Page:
Sallust, Gaius Sallustius Crispus (86-35 BCE) of Amiternum, after a wild youth became a supporter of Julius Caesar. He was tribune in 53; expelled from the Senate in 50; was quaestor in 49, praetor in 46. He saw Caesar triumph in Africa and became governor of Numidia, which he oppressed. Later in Rome he laid out famous gardens, retired from public life, and wrote a monograph on Catiline's conspiracy and one on the war with Jugurtha (both extant), and a history of Rome 78-67 BCE (little survives). Though biased, Sallust's extant work is valuable. It shows lively characterisation (in speeches after Thucydides's manner) and attempts to explain the meaning of events. The work on Catiline has been called a study in social pathology. Sallust's style anticipates that of the early Empire.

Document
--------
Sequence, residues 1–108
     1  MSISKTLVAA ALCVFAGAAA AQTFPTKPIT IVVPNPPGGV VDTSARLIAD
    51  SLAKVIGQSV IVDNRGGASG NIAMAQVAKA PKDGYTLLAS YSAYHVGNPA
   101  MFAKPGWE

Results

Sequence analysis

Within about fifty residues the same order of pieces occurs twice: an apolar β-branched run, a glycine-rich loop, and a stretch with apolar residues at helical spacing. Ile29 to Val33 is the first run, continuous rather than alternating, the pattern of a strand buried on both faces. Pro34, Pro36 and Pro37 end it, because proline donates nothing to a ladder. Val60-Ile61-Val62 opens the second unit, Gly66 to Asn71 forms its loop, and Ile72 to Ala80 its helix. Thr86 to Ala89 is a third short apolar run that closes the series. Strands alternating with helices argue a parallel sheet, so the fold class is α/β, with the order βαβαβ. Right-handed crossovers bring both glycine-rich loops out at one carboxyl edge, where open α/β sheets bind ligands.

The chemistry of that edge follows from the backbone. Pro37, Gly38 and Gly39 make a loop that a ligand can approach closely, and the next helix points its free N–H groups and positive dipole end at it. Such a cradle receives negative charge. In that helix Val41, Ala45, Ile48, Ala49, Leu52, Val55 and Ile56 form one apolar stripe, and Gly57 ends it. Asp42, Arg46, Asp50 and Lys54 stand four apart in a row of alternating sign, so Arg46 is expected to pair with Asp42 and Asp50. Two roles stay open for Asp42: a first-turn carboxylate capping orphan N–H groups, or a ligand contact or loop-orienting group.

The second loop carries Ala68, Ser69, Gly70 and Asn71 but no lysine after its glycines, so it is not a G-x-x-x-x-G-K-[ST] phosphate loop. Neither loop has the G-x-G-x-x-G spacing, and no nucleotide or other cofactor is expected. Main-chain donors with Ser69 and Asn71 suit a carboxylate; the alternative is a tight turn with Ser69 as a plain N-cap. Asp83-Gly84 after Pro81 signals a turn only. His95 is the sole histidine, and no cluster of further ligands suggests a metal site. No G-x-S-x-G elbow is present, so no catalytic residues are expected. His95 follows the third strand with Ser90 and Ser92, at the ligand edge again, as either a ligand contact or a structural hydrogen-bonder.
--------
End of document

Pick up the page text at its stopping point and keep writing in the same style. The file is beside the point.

Publisher: Harvard University Press
Weight: 300 g
Dimensions: 170 x 110 x 28 mm
Edition: Revised edition
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